We actually found…I won’t say a ‘suicide’ note, but you know, we found a note in Chris’ bag that was pretty heavy…and you know, Chris was depressed, man. The depression was because of the Kliq – and they loved it, they were thriving on it.

They were like, ‘Okay, let’s see if we can make this kid kill himself,’ you know? It was just terrible.

I thought Chris was very vulnerable, man. I thought he was going to hurt himself or hurt – KILL – one of those assholes.

I tried to stop it….”


“I don’t remember being hard on him…probably because his girlfriend was sleeping with everyone in the territory, and he was acting like he didn’t know what was going on…walking around like a dumb stooge…”

Click on the title above to read more of the sad story that is Chris Candido and Tammy Sytch’s relationship. There is enough there to begin to illustrate The Kliq’s impact. Here’s one more quote I’ll pull from that piece:

DENNIS KNIGHT (Phineas Godwinn):

“She did a lot of lying. She could be a very evil person.

I came up with [Candido], and you know, I love the guy. I was with him less than 24 hours before he died. And that fucking Sunny…you know, Shawn and those guys would have people watch [for Chris] in the locker room while they were banging her…”

4. Bryan Clark and His Fiery Take on The Kliq

Bryan Clark aka Adam Bomb and Wrath in a promo shot growling and flexing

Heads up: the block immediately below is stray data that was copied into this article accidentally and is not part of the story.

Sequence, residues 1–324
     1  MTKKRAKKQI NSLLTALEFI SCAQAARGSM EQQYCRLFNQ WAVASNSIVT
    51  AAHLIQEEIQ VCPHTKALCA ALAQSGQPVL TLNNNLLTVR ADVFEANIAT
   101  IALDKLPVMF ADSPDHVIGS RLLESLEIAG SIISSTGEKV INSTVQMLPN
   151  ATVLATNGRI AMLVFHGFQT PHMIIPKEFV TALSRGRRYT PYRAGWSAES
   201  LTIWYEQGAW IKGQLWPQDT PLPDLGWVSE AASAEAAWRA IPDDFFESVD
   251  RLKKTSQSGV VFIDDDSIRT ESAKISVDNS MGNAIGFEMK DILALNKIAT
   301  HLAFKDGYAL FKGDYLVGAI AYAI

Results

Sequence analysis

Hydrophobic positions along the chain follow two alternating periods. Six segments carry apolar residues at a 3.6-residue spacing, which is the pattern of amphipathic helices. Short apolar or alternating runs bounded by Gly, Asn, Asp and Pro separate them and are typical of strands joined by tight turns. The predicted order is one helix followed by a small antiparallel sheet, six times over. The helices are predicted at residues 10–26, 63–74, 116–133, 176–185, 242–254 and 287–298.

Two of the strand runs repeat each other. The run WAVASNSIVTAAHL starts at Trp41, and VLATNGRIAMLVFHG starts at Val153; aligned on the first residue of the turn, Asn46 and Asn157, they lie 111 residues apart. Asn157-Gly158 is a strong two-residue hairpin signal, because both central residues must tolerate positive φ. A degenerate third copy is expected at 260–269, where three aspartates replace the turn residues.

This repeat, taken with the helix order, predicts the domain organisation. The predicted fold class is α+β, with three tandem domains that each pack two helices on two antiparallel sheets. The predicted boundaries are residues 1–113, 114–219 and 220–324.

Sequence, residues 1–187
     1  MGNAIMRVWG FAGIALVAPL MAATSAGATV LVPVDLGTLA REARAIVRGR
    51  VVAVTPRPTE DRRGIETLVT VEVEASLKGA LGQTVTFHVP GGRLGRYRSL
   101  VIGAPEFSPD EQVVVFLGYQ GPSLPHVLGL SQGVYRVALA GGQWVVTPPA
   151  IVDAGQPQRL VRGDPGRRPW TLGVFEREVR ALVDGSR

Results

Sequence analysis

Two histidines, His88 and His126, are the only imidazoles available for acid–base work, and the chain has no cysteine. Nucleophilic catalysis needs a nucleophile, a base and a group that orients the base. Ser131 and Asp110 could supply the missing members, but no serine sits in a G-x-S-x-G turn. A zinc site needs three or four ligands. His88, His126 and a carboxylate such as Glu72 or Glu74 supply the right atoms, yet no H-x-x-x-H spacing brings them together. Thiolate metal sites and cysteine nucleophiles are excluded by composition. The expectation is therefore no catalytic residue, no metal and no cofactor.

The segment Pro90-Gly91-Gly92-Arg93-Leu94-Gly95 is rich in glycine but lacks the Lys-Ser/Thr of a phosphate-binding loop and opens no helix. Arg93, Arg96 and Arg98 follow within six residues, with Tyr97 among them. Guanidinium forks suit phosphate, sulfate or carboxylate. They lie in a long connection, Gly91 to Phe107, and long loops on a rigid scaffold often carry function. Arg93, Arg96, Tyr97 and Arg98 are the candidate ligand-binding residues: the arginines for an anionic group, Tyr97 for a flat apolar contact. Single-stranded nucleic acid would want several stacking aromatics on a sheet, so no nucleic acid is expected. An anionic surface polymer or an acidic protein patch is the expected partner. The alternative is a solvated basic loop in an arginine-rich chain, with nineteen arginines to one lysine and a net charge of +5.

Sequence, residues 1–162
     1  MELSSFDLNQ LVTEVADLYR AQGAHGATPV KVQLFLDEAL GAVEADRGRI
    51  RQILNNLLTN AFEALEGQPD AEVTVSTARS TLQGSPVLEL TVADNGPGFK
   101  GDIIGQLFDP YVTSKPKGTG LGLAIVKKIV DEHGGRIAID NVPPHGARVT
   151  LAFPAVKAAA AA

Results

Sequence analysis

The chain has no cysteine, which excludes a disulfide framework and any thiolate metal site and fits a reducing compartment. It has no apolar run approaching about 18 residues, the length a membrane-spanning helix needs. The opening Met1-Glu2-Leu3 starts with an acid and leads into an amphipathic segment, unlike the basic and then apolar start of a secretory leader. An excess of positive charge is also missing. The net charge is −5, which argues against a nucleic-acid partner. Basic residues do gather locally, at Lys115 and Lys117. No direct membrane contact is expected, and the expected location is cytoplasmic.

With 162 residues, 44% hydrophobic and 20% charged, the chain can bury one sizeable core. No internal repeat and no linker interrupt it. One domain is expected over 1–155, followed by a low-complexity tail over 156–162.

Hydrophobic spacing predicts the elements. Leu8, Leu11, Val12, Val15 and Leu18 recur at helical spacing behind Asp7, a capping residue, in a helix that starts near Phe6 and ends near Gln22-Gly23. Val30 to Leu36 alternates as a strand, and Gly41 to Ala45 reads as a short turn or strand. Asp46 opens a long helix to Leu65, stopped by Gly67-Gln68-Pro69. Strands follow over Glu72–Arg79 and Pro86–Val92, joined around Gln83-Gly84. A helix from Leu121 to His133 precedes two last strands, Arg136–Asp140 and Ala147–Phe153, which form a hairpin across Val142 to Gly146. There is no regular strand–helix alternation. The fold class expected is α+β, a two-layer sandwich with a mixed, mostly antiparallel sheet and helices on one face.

Bryan Clark (aka Adam Bomb & Wrath)

Bryan Clark has never been one to shy away from his hatred of The Kliq. In a 2008 interview with, Clark unleashed his thoughts on them upon being asked about ribbing:


“There’s a little ribbing that goes on, but that’s just…”


“What are some of the ribs that others guys did to you?”


“Oh, just little bullshit. Nothing major. Put my shoes underwater. Lock up my bag, or some little bullshit.”


“Curt Hennig?”


“No. I don’t know. Probably the 1-2-3 Kid. Um, I think, as a matter of fact, one night, I remember Scott Hall – this is when Kid was carrying their bags around, and kissing their ass – he locked up my bag one night in Albany, New York, and I just wasn’t really in the mood for it.

I was ready to kick both their fuckin’ asses, man. I had enough. I already snapped. It had been a long tour. I told them both; I said, ‘I’ll beat your fuckin’ ass right now, both of you.’ Cause I fuckin’ hated both of ’em. They’re both pieces of shit, and I’ll tell ’em to this day.”